The recitation mentioned in this week’s parshah, Ki Tavo, that accompanies the bringing of the first fruits (Bikkurim) in the times of the Temple from the seven specified species of the Land of Israel, (Devarim 8:8), is a brief synopsis of the travels of the Jews to Egypt, their sufferings, liberation and then journey into the land of Israel. It is an act of appreciation for the bounty provided by Hashem. Without the exodus and entry into the land, there would be no Jewish nation in the land of Israel. Without the blessings from Hashem there would be no produce. The Sefer HaChinuch describes the message of the recitation. “It is suitable for him to awaken his heart with the words of his mouth and contemplate that everything arrived to him from the Master of the Universe, and he recount His kindness, may He be blessed, upon us and upon the people of Israel.”
The sentence following the recitation states, “And you shall rejoice in all the good granted to you by Hashem your G-d” (Devarim, 26:11).
Whether it is a productive or a lean year, appreciation is given for whatever is received from Hashem.
This message has been implanted in the minds and hearts of Jewry for the millennium.
Over one hundred years ago, two Jewish worlds in Europe were separated by far more than geographical borders. The Jews of the East, largely within the Russian Czarist Empire, lived under the burden on the Russian Czars, where they were persecuted, downtrodden and impoverished, while the Jews of Germany were more emancipated and worldly.
With the outbreak of World War One and the German invasion of Russian occupied Poland and Lithuania, Jewish troops of the German army suddenly encountered the Jews of the East, otherwise known as the Ostjuden.
Many German Jewish soldiers were shocked at the contrasts. They were unimpressed by their lifestyle, their style of dress, their adherence to Jewish traditions, which they viewed as relics of the past. Others were oblivious to their presence and paid no heed.
But there were also those who saw their depth their spirituality and were inspired by them.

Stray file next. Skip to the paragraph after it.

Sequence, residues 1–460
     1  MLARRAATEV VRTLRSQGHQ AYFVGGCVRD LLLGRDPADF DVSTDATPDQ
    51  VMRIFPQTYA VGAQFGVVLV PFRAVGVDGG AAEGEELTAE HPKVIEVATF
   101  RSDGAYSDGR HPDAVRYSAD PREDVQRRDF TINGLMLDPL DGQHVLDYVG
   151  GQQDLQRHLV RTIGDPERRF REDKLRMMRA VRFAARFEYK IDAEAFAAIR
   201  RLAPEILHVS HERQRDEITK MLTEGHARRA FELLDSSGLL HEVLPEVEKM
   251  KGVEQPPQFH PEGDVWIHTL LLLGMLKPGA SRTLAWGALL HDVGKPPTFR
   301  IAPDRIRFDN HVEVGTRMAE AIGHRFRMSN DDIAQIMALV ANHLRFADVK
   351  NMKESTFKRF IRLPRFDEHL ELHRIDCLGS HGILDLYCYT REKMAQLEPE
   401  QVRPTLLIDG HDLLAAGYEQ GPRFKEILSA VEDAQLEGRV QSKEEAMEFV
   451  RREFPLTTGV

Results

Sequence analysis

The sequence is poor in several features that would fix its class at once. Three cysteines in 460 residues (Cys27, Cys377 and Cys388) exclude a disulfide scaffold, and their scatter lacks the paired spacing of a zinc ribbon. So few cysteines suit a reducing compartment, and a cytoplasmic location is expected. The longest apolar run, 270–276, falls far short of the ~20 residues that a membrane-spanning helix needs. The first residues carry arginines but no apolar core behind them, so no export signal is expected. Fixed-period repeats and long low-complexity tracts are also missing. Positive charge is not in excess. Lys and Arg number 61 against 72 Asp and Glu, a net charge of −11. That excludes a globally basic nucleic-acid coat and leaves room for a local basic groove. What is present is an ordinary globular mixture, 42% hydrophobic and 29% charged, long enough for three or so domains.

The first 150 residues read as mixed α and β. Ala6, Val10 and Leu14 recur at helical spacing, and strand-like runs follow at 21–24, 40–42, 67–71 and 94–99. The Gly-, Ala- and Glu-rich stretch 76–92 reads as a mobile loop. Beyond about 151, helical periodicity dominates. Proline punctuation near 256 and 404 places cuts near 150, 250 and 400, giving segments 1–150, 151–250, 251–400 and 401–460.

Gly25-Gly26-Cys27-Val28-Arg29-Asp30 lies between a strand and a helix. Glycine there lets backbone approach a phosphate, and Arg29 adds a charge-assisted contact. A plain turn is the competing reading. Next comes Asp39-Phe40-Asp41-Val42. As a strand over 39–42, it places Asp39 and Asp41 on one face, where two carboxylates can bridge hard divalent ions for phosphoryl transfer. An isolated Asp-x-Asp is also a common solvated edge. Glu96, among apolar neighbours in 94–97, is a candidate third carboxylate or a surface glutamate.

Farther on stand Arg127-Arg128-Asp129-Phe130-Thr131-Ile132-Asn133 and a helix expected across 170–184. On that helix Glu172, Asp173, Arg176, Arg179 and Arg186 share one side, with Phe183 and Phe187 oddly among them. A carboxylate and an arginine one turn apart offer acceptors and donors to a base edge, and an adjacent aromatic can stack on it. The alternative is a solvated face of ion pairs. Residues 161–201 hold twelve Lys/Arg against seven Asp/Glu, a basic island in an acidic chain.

Zionist activist and author Arnold Zweig noticed that faith trumps fear and poverty among Eastern European Jews. He observed how the Jews of the East accepted their lot despite all privations. He noted, “Their learning, observance and devotion to G-D”.
Philosopher Franz Rosenzweig was inspired by their piety. In a letter, he described the praying in a Chasidic synagogue in Warsaw, “These people don’t need an organ with their surging enthusiasm…. I have never heard such praying.”
Rabbi Joseph Carlebach, an Orthodox Rabbi and one of the German Jewish clergy serving in the military was impressed and impacted by his encounters. He noticed an “inner spirituality” of the Eastern Jew.
One particular quality among the Eastern Jews often noticed was their sense of joy in the face of so much suffering during the horrors of the war. How could they be so content in spirit despite all their hardships?
Zionist activist, lawyer and writer, Sammy Gronemann observed a Simchat Torah celebration in Krakow Poland, and asked, “Why are these people dancing? Why are they so happy? What is this Torah that they celebrate? Can you imagine people from Western nations displaying such love?”
One German soldier wrote of his observations to his parents, “I came from the front from Kalvaria. I had seen the destroyed cities of East Prussia and wandered through land that was as devoid of people and animals as Sodom and Gomorrah used to be. Only skeletons of horses were lying left and right on the street. Later I learned about the Jewish suffering in Russia, where Russians arrested Jews for months, and incited pogroms. I heard canons every day and saw the long trains of the wounded. The picture of suffering was in my soul when I entered the synagogue for services. Yet, the people were festive, peaceful as if there was no war and praised G-d who makes us content every day.”
The experience from watching fellow Jews in the East was transformational for those who appreciated the encounters with their long lost brethren and were inspired by their outlook on life amid the horrors of the war.
As recited daily in the morning prayers, Ashreinu Mah Tov Chelkeinu “Content we are, how good is our portion.”
In today’s world, Israel faces dangers. The turmoil and instability that abounds can be unsettling. Yet, as Jews, we can rejoice as our ancestors throughout history who saw optimism amid the darkness. We can celebrate as our forebears who brought the first fruits and pronounced the recitation. We can thank our Creator who has carried us as Jews through the millennia, and thank Hashem for His continued blessings for the Land of Israel, and call for His protection and His salvation.